© Boardworks Ltd of 31 Polyester resin is a chemical hardener. It will set at room temperature. When set, the plastic is stiff, hard and brittle. When working with it in large projects, it is advised to use gloves and a chemical respirator to protect yourself from the fumes. Polyester resin can be reinforced with glass fibre. Glass-reinforced polyester resin or glass-reinforced plastic (GRP) is used for making motor cycle fairings and boats. Polyester resin
© Boardworks Ltd of 31 When plastic is used to make a large number of identical products, industrial processes are used. Specialized machines are used to mass produce products. Press play to see a video of the vacuum forming process. Vacuum forming
© Boardworks Ltd of 31 What similarities and differences can you identify between the vacuum forming and injection moulding processes? Injection moulding
© Boardworks Ltd of 31 What similarities and differences can you identify between the blow moulding and vacuum forming processes? Blow moulding
© Boardworks Ltd of 31 What products can you think of that have been manufactured using a strip heater? Line bending
© Boardworks Ltd of 31 What is the difference between male and female moulds? Compression moulding
© Boardworks Ltd of 31 Can you think of any other products that are manufactured using extrusion? Extrusion
© Boardworks Ltd of 31 Plastics have excellent surface qualities. As they are self-finishing, plastics require little or no surface finish. However, when designers want a specific colour or texture, spray paints can be used. Use wet and dry paper (wet) to smooth the surface down and create a ‘key’ for the primer to grip to. Primer is used to create an undercoat to protect the plastic and provide a good surface finish for the top coat. The primer should be rubbed down using wet and dry paper between coats. Top coat is applied once the primer has completely hardened. There are different surface textures; gloss, matt and metallic being the most common. Top coat is applied in several layers to build up a thick, tough surface layer on the top of the primer. Finishing techniques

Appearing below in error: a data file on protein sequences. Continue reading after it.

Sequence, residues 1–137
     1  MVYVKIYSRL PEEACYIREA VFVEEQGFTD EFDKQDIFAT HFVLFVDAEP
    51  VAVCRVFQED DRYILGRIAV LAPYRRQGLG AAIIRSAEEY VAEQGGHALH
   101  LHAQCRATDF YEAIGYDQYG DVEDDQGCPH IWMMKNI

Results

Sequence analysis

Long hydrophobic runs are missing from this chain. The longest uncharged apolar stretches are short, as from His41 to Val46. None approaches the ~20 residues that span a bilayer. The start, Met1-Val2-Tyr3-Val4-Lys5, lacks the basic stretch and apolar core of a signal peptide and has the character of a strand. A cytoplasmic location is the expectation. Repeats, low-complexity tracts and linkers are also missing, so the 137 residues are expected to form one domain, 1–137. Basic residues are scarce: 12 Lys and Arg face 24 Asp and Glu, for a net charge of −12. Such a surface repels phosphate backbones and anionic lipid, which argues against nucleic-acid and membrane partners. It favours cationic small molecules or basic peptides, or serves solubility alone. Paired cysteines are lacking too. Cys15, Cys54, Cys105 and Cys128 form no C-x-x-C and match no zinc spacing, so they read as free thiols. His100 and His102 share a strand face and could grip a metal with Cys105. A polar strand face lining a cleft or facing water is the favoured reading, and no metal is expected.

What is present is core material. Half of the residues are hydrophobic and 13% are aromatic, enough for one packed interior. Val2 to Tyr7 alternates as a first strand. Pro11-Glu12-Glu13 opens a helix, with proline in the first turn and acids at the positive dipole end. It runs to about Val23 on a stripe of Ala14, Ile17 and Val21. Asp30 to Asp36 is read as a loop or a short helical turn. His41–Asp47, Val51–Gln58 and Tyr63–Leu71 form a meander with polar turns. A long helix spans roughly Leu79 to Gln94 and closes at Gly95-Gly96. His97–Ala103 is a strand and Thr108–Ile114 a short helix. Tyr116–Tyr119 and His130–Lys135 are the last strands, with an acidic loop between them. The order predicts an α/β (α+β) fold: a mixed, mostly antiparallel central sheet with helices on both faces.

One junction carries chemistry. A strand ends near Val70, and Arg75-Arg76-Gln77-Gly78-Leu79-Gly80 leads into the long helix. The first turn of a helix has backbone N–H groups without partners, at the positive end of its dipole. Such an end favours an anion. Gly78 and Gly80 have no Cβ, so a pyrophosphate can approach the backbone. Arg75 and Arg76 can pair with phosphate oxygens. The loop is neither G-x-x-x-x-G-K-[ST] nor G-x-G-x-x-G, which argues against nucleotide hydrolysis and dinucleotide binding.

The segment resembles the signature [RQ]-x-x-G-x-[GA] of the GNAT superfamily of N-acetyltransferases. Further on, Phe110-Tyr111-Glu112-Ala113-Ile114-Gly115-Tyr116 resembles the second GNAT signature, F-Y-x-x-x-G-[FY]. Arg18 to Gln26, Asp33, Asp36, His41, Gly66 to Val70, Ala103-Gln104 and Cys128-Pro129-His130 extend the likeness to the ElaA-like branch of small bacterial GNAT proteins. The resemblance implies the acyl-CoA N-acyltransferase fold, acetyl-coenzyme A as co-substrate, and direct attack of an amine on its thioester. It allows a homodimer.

© Boardworks Ltd of 31 Plastics are very useful materials. They are durable, easy to join, self-finishing, easy to mould and not susceptible to rot or sust. However, sometimes their properties are enhanced by combining them with other materials. Carbon fibre can be added to thermosetting plastics to improve their strength. Golf clubs, tennis racquets, cycle frames and fishing rods are made using carbon fibre composite. Plastics combined with other materials
© Boardworks Ltd of 31 Working with plastics – keywords
© Boardworks Ltd of 31 Key points © Boardworks Ltd of 31 Key points Plastics can come under the categories of thermoplastic and thermosetting plastics. Both have very different properties. Most modern plastics are manufactured from chemicals obtained from crude oil. Plastic can be shaped or formed using a variety of industrial processes such as vacuum forming, injection moulding, blow moulding, line bending, compression moulding and extrusion. There are also a number of finishing techniques that can be used to give a particular colour or texture to a plastic.